Dilated Cardiomyopathy (DCM) is a disease of the heart muscle characterized by enlargement and dilation of one or both of the heart ventricles and impaired contractility defined as left ventricular ejection fraction (LVEF) less than 40%. By definition, patients have systolic dysfunction and may or may not have overt symptoms of heart failure. This disease process can be classified as either primary or secondary DCM. Primary DCM is considered idiopathic, and diagnosis is made after excluding secondary causes.
By far the most common etiology of DCM is idiopathic or without an identifiable cause. DCM can have a familial or genetic predisposition, although these cases are usually classified under idiopathic if no clear genetic link is identified. DCM has been associated with mutations in genes for desmin (cytoskeletal), lamin C (nuclear membrane), or myosin (contractile proteins). The secondary causes include infectious myocarditis (e.g., viral, Chagas disease, Lyme disease), ischemic disease, hypertension, medication-induced (e.g., anthracyclines), alcohol abuse, human immunodeficiency virus (HIV), peripartum cardiomyopathy, or infiltrative disease. Ischemic cardiomyopathy caused by coronary artery disease (CAD) is the most common cause of congestive heart failure. However, ischemic CM is classified as its own disease entity and is only described as a cause of DCM in occult disease in patients without known CAD. Stress cardiomyopathy, also known as Takotsubo cardiomyopathy or broken heart syndrome, is a relatively uncommon but increasingly reported cause. However, it is often classified as its own entity separate from primary DCM. It is characterized by transient ballooning of the left ventricular (LV) apex typically following a severe psychological or physiological stress that is believed to be secondary to intense catecholamine surge.
DCM is more commonly seen in men than in women. Its prevalence in the general population is estimated at 36 cases per 100,000. DCM accounts for 10,000 deaths and 46,000 hospitalizations in the United States annually. These figures may underestimate the true prevalence because many patients are asymptomatic and, therefore, undiagnosed despite LV dysfunction.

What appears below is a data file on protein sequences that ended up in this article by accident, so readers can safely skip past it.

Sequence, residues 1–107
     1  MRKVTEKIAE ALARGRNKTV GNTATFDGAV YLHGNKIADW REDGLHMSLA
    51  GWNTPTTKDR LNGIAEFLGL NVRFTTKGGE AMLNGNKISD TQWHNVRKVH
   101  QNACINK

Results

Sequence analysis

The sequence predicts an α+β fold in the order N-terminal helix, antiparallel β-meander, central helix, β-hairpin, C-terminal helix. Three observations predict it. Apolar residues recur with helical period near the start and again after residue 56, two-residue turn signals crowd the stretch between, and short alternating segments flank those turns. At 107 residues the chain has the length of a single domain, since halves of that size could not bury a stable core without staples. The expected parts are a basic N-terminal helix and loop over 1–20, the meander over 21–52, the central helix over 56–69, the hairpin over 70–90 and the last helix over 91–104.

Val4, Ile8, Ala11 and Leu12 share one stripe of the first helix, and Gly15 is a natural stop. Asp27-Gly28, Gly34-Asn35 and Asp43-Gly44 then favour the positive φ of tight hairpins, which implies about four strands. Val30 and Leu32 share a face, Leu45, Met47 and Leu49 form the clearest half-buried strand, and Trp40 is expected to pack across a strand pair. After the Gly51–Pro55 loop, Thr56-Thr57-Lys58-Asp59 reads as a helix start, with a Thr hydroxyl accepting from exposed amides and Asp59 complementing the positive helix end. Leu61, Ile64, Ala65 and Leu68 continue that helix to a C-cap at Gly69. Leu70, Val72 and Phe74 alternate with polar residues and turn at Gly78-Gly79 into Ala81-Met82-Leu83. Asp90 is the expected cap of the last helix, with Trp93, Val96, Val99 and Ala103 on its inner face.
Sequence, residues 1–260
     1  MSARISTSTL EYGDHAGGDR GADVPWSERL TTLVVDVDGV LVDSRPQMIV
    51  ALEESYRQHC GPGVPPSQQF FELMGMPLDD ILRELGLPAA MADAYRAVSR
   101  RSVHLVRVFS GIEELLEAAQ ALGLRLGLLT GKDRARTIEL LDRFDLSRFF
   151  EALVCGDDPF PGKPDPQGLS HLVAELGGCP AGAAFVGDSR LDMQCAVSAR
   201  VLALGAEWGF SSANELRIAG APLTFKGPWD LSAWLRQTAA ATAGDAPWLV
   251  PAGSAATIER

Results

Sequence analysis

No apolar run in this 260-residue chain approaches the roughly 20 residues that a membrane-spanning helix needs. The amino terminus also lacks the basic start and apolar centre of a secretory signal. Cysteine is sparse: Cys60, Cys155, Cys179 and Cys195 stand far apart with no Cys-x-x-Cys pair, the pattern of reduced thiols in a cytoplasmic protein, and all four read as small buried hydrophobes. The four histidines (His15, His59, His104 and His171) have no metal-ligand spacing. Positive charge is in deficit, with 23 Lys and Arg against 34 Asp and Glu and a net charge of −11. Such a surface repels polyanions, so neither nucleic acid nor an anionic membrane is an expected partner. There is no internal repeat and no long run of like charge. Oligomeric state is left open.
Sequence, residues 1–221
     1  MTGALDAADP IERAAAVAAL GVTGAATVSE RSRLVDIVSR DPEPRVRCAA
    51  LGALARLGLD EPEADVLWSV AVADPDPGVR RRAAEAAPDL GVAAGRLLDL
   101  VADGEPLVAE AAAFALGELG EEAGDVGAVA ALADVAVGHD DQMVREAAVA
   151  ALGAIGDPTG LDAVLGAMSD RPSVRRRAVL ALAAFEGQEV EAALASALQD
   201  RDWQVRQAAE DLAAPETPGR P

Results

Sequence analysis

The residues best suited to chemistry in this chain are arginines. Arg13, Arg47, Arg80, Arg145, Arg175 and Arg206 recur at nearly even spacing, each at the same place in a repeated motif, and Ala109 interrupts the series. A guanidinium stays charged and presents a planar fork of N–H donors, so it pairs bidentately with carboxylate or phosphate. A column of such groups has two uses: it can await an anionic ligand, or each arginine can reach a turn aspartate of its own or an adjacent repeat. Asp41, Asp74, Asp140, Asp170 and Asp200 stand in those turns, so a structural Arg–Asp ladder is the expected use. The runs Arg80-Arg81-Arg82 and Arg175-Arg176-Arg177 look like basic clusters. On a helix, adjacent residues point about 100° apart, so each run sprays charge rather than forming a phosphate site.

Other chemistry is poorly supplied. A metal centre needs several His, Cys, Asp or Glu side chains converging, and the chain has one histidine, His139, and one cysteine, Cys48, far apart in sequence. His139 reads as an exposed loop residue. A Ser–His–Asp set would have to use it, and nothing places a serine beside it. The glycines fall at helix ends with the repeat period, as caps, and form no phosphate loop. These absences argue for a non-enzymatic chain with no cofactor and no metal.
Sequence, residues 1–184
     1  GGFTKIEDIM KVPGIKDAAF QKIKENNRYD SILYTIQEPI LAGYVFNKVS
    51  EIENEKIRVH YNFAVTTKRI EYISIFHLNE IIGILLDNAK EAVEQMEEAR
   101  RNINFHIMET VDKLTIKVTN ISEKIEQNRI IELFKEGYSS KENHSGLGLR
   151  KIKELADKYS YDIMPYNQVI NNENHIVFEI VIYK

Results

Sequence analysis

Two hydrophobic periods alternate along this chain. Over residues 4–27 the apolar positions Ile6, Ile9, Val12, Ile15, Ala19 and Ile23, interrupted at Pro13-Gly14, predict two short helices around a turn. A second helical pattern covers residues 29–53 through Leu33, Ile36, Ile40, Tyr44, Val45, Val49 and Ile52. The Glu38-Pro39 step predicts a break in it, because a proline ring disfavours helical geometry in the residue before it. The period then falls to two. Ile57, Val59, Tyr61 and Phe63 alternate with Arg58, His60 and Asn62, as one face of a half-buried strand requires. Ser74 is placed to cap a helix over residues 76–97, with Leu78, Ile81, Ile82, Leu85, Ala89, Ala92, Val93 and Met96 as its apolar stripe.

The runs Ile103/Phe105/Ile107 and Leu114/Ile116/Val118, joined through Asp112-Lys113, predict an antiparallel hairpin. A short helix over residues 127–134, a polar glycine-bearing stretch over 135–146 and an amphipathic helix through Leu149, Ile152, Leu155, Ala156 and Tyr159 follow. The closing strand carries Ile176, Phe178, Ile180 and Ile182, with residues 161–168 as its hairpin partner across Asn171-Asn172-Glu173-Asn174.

Although many cases of DCM are a result of idiopathic disease, DCM also can arise from various acquired myocardial insults. Enlargement of the ventricles can either be secondary to LV failure or secondary to a primary cardiomyopathic process and can be associated with both systolic and diastolic dysfunction. Reduction in systolic function is believed to be caused by myocardial remodeling that results in an increase in both end-systolic and end-diastolic volumes. Histologic examination or the myocardium typically shows nonspecific changes of fibrosis and hypertrophy.
The histopathology will usually reveal myocardial injury with a marked infiltrate by inflammatory cells. There is physical disruption of the sarcomeres and fibrosis.
The majority of cases present between the ages of 20 and 60; however, DCM can be seen in children or the elderly. A large number of patients with DCM may have a long latent period where they are clinically asymptomatic. When symptoms do arise, they are the result of LV systolic dysfunction. In addition to a focused cardiac history and examination, a more thorough evaluation is recommended to identify any systemic disease or secondary causes. Classic symptoms include paroxysmal nocturnal dyspnea, orthopnea, leg swelling, and shortness of breath. Nonspecific symptoms of fatigue, malaise, and weakness also can be present. More severe cases can present with thromboembolic complications, conduction disturbances, arrhythmias or even sudden cardiac death. Physical examination findings are largely not specific to other causes of cardiomyopathy and consist of typical findings seen with congestive heart failure. Findings include crackles in the lung fields, elevated jugular venous pressures, peripheral edema, and an S3 gallop. Classically, the point of maximum impulse or PMI is displaced laterally. Tricuspid or mitral regurgitation murmurs are not uncommon as a result of ventricular enlargement and annular dilation.